We’ll never get to play this Final Fantasy VII fan sequel

Who knew a PlayStation could do this?

Rodensoft, a Japanese indie developer, has revealed new information regarding a Final Fantasy VII fan game in development as a personal project. Final Fantasy VII: Time Guardian was planned to be an alternate version of the original Final Fantasy VII, deviating at the Temple of the Ancients. In this version of events, after Cait Sith takes the Black Materia, he triggers the Time Guardian, scrambling time and scattering the party.

The story was to focus more on individuals than the original events. The characters did not remember each other, so without the driving force to reunite, each of them took off alone into the world. Each of them would start in a place that was meaningful to the character: Yuffie in Kalm, Barret in North Corel, and it was entirely possible to not have any of them meet at all. Each of their stories was to be on one disc for a total of 9 CDs.

The playstyle was going to change to a more open-world approach as well. Time would pass and there was to be a day and night cycle, along with changing weather. Shops would close at night and more dangerous enemies would lurk in the darkness. Non-player characters (NPCs) would also have their own routine depending on the time, and player characters would persist in the same place when you switched between them. Characters would also have field skills like lock-picking for Yuffie and explosives for Barret, which would allow for problem-solving or simply having fun.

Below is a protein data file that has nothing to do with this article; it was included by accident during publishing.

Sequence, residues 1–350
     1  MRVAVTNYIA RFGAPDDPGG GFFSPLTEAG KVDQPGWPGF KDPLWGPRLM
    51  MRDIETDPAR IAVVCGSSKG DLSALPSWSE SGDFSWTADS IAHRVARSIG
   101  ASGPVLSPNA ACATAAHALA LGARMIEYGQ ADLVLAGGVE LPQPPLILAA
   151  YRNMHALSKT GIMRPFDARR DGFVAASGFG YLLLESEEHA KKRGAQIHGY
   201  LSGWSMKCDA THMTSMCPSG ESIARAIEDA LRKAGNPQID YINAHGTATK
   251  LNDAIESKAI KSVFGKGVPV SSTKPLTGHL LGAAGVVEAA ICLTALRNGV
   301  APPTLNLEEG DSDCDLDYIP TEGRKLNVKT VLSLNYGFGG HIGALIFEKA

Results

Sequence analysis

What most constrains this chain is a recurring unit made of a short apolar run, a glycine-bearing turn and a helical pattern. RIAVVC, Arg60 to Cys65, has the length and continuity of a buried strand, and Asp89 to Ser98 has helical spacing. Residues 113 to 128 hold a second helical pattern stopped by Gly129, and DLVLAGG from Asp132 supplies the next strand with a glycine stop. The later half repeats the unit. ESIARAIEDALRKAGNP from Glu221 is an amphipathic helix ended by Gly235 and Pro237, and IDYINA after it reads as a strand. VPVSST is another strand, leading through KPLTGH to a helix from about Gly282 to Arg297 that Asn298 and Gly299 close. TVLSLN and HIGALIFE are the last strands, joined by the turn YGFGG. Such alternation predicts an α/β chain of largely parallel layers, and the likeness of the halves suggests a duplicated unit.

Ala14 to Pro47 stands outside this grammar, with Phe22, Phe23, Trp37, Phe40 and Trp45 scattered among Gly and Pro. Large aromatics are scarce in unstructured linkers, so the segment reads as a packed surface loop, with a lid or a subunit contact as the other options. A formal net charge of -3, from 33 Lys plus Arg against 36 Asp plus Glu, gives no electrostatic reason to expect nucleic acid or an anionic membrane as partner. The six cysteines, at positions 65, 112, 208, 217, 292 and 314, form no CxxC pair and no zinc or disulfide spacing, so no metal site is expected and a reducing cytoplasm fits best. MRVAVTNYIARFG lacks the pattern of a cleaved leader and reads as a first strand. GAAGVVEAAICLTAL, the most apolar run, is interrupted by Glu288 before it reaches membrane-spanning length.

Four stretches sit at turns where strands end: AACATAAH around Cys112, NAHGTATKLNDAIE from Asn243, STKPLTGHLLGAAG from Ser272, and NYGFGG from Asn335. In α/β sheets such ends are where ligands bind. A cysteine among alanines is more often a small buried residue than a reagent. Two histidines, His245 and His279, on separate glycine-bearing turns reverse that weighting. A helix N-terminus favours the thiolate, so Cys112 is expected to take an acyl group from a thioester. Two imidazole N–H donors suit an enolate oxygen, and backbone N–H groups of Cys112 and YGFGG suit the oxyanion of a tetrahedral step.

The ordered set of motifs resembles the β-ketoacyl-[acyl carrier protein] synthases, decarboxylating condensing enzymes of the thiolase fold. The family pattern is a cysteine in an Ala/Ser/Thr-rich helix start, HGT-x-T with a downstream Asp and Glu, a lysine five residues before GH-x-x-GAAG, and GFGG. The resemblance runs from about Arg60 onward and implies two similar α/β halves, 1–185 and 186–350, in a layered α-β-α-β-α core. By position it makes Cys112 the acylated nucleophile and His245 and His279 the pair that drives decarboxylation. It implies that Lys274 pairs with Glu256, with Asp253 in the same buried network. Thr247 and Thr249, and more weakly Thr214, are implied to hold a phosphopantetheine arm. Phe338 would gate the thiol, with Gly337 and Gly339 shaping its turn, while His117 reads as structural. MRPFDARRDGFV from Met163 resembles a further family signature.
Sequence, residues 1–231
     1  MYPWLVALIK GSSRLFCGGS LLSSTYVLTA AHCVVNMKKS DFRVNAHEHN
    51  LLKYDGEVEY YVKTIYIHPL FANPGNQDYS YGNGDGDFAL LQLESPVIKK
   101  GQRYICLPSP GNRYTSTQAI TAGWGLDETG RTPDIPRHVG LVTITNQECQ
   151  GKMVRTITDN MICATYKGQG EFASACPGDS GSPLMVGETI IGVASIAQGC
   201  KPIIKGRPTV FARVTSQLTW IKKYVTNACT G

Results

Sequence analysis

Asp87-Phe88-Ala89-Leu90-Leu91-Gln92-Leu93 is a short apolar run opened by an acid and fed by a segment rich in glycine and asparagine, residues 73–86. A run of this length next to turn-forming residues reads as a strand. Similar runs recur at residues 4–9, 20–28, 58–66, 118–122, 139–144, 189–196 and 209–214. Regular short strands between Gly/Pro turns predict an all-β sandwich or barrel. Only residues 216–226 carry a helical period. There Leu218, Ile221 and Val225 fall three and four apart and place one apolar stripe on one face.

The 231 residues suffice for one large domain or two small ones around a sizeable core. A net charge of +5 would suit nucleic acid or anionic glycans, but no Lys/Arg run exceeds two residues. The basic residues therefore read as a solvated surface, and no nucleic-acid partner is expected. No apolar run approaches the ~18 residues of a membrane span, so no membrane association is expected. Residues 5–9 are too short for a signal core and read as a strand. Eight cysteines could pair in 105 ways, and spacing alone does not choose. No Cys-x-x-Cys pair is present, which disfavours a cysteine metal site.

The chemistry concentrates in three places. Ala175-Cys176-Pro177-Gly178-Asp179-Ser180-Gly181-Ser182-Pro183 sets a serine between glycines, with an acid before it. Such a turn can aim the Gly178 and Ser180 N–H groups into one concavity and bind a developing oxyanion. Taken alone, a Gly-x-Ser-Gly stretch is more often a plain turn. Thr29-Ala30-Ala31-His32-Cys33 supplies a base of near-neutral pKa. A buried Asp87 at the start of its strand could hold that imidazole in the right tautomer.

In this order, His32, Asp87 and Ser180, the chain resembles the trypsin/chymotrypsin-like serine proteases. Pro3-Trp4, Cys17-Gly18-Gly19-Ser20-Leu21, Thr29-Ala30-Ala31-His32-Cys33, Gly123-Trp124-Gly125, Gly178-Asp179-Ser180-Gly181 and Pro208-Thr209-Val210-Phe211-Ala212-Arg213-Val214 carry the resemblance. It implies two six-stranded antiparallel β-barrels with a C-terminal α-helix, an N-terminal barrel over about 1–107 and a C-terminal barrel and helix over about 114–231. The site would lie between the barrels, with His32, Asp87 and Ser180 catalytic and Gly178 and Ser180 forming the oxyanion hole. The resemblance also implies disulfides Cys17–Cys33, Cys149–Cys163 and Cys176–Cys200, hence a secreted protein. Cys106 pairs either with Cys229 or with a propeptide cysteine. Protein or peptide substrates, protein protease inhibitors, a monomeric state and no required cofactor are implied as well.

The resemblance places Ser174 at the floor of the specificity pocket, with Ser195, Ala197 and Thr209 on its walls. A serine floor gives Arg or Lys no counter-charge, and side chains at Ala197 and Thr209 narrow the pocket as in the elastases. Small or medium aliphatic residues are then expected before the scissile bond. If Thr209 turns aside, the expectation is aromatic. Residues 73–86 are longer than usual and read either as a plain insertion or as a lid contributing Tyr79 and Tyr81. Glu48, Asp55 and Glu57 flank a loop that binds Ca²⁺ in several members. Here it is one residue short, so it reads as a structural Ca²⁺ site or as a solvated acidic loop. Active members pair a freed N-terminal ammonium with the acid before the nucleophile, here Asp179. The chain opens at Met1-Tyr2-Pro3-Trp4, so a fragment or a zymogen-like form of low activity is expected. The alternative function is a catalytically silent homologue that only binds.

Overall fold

At the heart of this was the upgraded PHS, which controlled character swapping, displayed the time and a calender, and allowed you to purchase and play mini-games to pass the time. As the characters met up, they would be able to form parties. If characters didn’t know each other, they wouldn’t be able to join up. This could have resulted in two or three completely different teams completing various parts of the game without ever meeting.

It was an ambitious attempt, and was planned to actually run on PlayStation hardware, which is crazy to me. Unfortunately, due to more pressing needs, Rodensoft has reclassified the game as a tech demo and moved on to other projects. It’s impressive that an engine as old and clunky seeming as the Final Fantasy VII engine could do so much more than anyone thought. Hopefully, someone will pick up his work and continue it as I find it incredibly interesting.

Final Fantasy VII Open-World Sequel Project “Time Guardian” [Qhimm]

Jason Faulkner